• Castellan – A perfect game for him. We play this one quite frequently and he’s very good at it, going so far as to count out the turrets (quite loudly) to determine which pieces he should play and when.
  • X-Wing Miniatures – To be fair, there are very few cards played and the rules get stretched frequently, but pushing miniature X-wings and TIE fighters across the table keeps him engaged for much longer than I’d expect. Other tweaks to make this work – we don’t worry about factions, points, or pilots. Just flying and rolling dice – about as simple as you make it.

It’s a lot of fun and I’m often surprised by just how engaged and capable he is in these games. At the same time, I start to see just how healthy this hobby can be for a young mind – the mathematics, the reading comprehension, and the sheer abstract thinking required just to play, let alone to win a decent board game makes it an activity I’d much rather him engage in than video games or YouTube videos.

The Next Step

We’re moving up the totem pole of games and I’m excited to keep trying new and interesting games. Mice and Mystics has been sitting on my shelf since he was 15 months old and we’re getting very close to that becoming a regular event in our home (one even my wife is excited to join).

And then there is the step beyond that – actually designing games. As I stated earlier, board game design never quite interested me, but seeing the hobby through the eyes of a curious child who is all too happy to change rules to fit his imagination, I find myself wanting to start playing with bits and tweaking the experience.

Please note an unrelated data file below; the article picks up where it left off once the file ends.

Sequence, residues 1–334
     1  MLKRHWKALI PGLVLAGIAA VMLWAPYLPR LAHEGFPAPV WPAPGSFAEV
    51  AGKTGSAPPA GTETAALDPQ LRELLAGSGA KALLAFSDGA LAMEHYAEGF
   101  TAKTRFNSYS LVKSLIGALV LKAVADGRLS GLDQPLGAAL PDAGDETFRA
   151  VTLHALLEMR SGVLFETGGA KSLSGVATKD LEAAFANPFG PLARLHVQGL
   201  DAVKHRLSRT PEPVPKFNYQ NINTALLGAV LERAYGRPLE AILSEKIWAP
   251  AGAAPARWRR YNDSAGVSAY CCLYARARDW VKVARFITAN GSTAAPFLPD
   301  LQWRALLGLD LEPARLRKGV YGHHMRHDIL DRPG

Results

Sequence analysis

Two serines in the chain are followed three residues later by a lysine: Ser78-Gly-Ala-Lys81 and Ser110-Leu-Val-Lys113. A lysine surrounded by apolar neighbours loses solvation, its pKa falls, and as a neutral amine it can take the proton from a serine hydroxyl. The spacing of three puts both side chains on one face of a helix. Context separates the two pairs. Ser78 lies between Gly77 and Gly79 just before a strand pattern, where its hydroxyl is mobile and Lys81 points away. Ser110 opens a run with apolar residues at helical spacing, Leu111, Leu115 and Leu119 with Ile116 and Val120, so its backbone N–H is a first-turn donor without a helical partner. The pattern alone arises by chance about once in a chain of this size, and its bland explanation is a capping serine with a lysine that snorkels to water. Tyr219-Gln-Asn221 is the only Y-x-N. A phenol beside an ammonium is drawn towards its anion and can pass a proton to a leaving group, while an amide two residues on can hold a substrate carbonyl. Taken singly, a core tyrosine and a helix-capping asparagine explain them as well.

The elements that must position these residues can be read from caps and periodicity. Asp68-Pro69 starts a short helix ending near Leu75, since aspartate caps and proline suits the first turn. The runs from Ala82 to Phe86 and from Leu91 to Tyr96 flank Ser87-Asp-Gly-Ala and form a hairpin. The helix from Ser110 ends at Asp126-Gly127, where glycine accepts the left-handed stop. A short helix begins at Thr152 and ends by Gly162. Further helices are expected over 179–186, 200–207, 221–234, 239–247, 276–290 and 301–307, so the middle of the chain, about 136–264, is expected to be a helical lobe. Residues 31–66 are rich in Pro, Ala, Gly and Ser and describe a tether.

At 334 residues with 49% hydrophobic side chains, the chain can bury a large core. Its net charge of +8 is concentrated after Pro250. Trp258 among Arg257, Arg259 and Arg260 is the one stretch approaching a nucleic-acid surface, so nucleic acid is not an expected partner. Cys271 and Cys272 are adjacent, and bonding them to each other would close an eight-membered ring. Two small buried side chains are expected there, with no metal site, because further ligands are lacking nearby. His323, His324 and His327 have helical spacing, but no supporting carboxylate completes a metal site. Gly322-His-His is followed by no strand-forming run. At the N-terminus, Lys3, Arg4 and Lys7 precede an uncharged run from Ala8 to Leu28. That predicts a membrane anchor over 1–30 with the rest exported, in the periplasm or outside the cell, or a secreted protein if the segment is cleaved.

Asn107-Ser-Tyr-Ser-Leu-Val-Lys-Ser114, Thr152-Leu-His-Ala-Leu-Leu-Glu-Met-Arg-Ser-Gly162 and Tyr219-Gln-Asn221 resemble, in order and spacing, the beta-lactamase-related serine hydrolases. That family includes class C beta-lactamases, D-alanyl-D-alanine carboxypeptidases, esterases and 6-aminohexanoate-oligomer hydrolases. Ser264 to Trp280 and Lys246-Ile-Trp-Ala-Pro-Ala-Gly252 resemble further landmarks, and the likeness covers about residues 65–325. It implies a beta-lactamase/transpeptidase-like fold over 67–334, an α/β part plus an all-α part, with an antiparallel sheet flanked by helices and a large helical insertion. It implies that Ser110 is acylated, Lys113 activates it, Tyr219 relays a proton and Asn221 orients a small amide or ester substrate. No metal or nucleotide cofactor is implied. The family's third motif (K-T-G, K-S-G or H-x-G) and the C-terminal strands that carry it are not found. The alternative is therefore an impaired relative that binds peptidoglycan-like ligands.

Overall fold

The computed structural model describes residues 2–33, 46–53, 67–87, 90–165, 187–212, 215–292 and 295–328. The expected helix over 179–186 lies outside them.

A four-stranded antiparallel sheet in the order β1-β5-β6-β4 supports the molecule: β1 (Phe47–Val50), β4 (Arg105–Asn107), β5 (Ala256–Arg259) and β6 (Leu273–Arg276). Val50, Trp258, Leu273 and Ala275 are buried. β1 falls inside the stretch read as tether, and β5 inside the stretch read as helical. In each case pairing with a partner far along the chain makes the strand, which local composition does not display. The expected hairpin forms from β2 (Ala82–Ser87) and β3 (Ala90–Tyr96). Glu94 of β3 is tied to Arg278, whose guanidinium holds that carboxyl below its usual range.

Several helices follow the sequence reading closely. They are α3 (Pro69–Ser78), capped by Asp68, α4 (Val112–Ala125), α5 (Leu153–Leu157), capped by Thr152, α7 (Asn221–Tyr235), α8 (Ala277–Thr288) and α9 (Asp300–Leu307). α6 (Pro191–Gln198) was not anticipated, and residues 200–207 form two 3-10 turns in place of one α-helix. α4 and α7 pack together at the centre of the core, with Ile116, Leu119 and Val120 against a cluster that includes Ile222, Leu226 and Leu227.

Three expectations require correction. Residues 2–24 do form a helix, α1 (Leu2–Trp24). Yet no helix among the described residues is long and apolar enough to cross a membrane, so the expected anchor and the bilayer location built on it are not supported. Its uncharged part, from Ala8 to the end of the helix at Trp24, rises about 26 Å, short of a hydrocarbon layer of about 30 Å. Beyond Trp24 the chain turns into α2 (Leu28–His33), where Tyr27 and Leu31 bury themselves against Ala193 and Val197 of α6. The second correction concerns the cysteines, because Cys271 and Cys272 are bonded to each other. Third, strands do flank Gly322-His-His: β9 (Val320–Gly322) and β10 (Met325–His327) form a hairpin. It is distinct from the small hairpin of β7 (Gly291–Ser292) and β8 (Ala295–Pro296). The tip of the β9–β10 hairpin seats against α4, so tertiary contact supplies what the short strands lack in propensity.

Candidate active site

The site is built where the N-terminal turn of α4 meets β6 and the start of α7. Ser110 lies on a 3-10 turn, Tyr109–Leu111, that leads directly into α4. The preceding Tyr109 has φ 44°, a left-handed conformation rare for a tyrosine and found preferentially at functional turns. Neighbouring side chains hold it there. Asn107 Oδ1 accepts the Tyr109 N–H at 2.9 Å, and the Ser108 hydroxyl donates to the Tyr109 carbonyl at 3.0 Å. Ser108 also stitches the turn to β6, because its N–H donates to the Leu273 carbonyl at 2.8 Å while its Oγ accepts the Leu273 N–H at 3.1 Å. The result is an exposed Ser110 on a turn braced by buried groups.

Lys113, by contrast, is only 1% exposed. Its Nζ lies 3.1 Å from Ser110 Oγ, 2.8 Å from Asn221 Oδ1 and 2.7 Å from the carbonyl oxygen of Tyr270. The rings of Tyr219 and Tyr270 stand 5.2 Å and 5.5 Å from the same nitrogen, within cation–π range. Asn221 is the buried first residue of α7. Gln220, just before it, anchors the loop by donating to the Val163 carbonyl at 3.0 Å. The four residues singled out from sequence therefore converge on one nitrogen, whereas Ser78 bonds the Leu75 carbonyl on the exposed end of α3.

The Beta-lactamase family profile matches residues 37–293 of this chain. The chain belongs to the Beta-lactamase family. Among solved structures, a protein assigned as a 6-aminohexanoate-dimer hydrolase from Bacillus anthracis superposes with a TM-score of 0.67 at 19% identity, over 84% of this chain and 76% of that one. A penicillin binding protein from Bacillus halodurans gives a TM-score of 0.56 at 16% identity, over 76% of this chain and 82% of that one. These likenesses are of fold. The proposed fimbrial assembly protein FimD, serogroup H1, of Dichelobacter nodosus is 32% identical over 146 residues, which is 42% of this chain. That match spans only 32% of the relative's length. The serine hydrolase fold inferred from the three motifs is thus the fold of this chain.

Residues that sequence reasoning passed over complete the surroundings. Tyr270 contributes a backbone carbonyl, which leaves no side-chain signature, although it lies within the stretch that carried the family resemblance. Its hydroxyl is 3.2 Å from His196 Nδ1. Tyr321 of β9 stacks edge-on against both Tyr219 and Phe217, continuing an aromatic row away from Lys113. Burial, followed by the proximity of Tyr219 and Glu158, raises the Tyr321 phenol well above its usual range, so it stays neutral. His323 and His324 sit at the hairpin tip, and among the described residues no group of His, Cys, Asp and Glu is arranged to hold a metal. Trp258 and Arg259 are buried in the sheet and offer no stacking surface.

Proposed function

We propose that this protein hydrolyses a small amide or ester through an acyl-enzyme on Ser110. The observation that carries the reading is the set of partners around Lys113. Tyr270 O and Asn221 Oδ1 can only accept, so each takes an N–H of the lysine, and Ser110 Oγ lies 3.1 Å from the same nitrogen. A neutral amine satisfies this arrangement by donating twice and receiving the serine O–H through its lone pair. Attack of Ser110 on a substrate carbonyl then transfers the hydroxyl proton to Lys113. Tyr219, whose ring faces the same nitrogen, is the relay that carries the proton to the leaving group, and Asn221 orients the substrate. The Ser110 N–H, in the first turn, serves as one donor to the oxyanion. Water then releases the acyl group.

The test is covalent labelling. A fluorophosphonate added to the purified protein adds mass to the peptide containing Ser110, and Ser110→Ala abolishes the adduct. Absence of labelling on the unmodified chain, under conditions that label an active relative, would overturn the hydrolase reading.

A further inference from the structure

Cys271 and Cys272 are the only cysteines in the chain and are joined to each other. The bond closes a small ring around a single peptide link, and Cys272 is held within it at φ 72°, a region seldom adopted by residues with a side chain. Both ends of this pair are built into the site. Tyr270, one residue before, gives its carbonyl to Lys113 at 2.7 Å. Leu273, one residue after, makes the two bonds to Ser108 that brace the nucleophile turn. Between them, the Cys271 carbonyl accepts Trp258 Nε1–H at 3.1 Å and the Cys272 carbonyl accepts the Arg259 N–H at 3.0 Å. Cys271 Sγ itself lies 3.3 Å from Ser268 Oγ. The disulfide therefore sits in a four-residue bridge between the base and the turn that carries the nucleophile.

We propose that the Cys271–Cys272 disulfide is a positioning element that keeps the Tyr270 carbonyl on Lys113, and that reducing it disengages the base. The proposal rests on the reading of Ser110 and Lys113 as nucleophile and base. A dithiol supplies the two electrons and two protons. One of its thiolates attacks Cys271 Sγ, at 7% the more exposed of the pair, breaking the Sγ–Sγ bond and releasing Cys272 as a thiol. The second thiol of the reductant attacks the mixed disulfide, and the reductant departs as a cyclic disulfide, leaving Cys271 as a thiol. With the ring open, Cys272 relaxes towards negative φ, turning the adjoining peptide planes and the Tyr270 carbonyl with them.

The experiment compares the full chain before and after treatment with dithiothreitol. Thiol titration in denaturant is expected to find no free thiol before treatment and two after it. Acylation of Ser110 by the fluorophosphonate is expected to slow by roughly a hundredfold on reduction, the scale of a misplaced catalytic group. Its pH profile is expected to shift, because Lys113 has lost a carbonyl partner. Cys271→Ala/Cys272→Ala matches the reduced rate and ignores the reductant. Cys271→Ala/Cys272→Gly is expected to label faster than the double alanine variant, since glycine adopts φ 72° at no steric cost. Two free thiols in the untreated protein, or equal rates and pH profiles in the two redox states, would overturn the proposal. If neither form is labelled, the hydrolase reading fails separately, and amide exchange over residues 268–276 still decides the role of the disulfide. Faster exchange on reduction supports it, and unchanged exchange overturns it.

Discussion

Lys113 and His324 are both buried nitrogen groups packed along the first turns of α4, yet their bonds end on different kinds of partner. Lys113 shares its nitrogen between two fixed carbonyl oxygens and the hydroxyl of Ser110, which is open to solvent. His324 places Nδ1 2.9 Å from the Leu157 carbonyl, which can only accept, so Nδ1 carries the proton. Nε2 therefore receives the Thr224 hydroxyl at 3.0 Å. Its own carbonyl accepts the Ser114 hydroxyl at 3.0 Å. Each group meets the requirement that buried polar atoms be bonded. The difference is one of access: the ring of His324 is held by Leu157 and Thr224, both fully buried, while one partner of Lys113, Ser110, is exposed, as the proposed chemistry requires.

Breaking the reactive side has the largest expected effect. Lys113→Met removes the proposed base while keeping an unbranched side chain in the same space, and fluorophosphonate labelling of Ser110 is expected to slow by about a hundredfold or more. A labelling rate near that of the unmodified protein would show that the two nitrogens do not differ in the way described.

Geek Dad’s “Awesomely Geeky Projects and Activities for Dads and Kids to Share” has a couple of “make your own board game or RPG” activities in it that I’m excited to bring out in the next year or two.

And then there are the kids like those in Boy Scout Troop 107 who created their own board game to earn their Game Design merit badge. Not only did they complete it (and from all I’ve see it looks pretty good), they put it up on Kickstarter and it’s about to fund.

Game design offers fun new opportunities for creative children.
Game design offers fun new opportunities for creative children.

In fact, if you haven’t yet, check it out on Kickstarter – it ends on the 10th and it’s a fantastic project that is jumping a new generation of young designers into the hobby.

It’s easy to think of our hobby as a pastime. After a long day of work, there’s nothing better than sitting down at the table and playing something engaging and challenging, yet also fun and social. But it’s much more than that.

I can see it in the way my son looks at a game board or in how young gamers like the boys of Troop 107 are approaching the hobby – this is an opportunity to create something that’s your own, whether building it from scratch or iterating on what’s already there, and if you have fun along the way, what could be better than that.

  • Drew is a contributor to the Board Gamers Anonymous podcast. He's a curator by nature, compulsively reading and obsessively organizing what he's read. He's also been a gamer since the age of 3, which means he's been playing board games for... let's just say more than 40 years, and leave it at that...